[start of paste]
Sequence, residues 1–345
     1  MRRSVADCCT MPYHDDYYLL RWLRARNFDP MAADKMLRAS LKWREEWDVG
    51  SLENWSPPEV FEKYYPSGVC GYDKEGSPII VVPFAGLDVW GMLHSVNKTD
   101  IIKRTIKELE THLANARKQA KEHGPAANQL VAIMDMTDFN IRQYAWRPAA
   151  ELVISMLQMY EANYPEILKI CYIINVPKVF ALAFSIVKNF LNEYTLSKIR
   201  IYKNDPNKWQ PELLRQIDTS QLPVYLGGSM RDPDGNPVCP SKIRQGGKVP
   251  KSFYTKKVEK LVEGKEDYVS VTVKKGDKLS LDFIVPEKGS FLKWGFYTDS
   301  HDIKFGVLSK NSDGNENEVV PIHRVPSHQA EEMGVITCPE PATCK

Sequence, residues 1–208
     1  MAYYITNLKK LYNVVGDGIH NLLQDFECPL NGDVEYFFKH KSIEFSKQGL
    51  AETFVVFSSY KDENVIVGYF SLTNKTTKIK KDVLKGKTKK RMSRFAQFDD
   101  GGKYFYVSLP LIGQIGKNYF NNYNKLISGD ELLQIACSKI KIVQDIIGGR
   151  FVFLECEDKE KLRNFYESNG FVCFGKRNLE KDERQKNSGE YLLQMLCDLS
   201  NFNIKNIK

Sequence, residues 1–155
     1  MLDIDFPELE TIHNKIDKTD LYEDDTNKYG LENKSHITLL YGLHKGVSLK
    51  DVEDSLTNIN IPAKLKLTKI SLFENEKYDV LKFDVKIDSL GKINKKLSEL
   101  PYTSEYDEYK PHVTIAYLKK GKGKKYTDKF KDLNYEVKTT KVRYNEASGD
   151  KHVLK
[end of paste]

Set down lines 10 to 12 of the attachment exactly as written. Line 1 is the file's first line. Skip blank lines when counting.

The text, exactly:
     1  MAYYITNLKK LYNVVGDGIH NLLQDFECPL NGDVEYFFKH KSIEFSKQGL
    51  AETFVVFSSY KDENVIVGYF SLTNKTTKIK KDVLKGKTKK RMSRFAQFDD
   101  GGKYFYVSLP LIGQIGKNYF NNYNKLISGD ELLQIACSKI KIVQDIIGGR